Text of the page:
Nightly Brief

Your Thursday night briefing from the staff of Courthouse News

Top CNS stories for today including a group of scientists moving the doomsday clock to two minutes to midnight; auguring success for a challenge to the president’s business ties, a Maryland federal judge cast doubt Thursday on why an earlier case that invoked the U.S. Constitution’s emoluments clauses failed; in a ruling that hinged on the actor’s use of a question mark, a federal judge rejected claims that James Woods defamed an Ohio woman; fulfilling a constitutional duty for final time, California Gov. Jerry Brown paraded the state’s wares in an annual address, touting a remarkable economic comeback and commitment to fighting climate change, and more.

Sign up for CNS Nightly Brief, a roundup of the day’s top stories delivered directly to your email Monday through Friday.

National

Robert Rosner, chairman of the Bulletin of the Atomic Scientists, right, joined by Bulletin of the Atomic Scientists member Lawrence Krauss, left, moves the minute hand of the Doomsday Clock to two minutes to midnight during a news conference at the National Press Club in Washington, Thursday, Jan. 25, 2018. (Associated Press)

1.) For the second time in two years, a group of scientists said humankind is closer than ever to sealing its own fate – this time thanks to fake news and misuse of information technology – and on Thursday moved the doomsday clock to two minutes to midnight.

The Trump International Hotel in Washington. (AP Photo/Alex Brandon)

2.) Auguring success for a challenge to the president’s business ties, a Maryland federal judge cast doubt Thursday on why an earlier case that invoked the U.S. Constitution’s emoluments clauses failed.

Former FBI Director Robert Mueller, the special counsel probing Russian interference in the 2016 election, departs Capitol Hill following a closed door meeting in Washington. (AP Photo/Andrew Harnik, File)

3.) The Justice Department’s internal watchdog announced Thursday his office has found missing text messages from an FBI agent removed last summer from special counsel Robert Mueller’s investigative team.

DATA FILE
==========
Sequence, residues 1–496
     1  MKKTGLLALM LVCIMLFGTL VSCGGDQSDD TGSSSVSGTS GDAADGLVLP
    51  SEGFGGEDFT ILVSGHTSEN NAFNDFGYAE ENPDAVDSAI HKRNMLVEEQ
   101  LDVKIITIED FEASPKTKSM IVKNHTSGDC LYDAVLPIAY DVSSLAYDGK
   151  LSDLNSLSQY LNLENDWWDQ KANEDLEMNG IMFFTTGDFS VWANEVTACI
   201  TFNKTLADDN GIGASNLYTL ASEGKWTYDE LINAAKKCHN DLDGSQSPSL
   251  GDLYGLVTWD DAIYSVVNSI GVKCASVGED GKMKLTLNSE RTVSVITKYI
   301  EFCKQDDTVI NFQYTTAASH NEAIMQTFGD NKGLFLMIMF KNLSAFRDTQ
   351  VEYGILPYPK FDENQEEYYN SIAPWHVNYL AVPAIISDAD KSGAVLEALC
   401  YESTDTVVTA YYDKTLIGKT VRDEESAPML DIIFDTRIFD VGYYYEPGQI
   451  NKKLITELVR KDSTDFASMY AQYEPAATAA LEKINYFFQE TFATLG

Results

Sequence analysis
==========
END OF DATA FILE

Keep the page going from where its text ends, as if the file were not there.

Actor James Woods poses at the premiere of the film “Bleed for This” at the Samuel Goldwyn Theater in Beverly Hills, Calif., on Nov. 2, 2016. (Photo by Chris Pizzello/Invision/AP, File)

4.) In a ruling that hinged on the actor’s use of a question mark, a federal judge rejected claims that James Woods defamed an Ohio woman by identifying her on Twitter as a Bernie Sanders “agitator” who had made a Nazi salute at a Donald Trump campaign rally.

Regional

California Gov. Jerry Brown delivers his annual State of the State address before a joint session of the California Legislature, in Sacramento, Calif. (AP Photo/Rich Pedroncelli, File)

5.) Fulfilling a constitutional duty for the 16th and final time, California Gov. Jerry Brown on Thursday paraded the state’s wares in an annual address, defending big-ticket infrastructure projects and touting a remarkable economic comeback and commitment to fighting climate change.

A Washington State Dept. of Transportation worker surveys the widening crack on Rattlesnake Ridge which by May will send tons of basalt toward the small town of Union Gap. (Photo courtesy WSDOT)

6.) In Washington state residents are warily watching a chunk of slowly sliding mountainside called Rattlesnake Ridge that geologists say will soon crash down into the valley, potentially covering the busy highway and damming the river below.

 

International

7.) Europe’s highest court chided Hungarian authorities Thursday for using psychological tests to assess the sexual orientation of an asylum seeker.

8.) Europe’s highest court cleared the way Thursday for a privacy suit against Facebook, but it said the Austrian plaintiff cannot represent other users.

%d bloggers like this: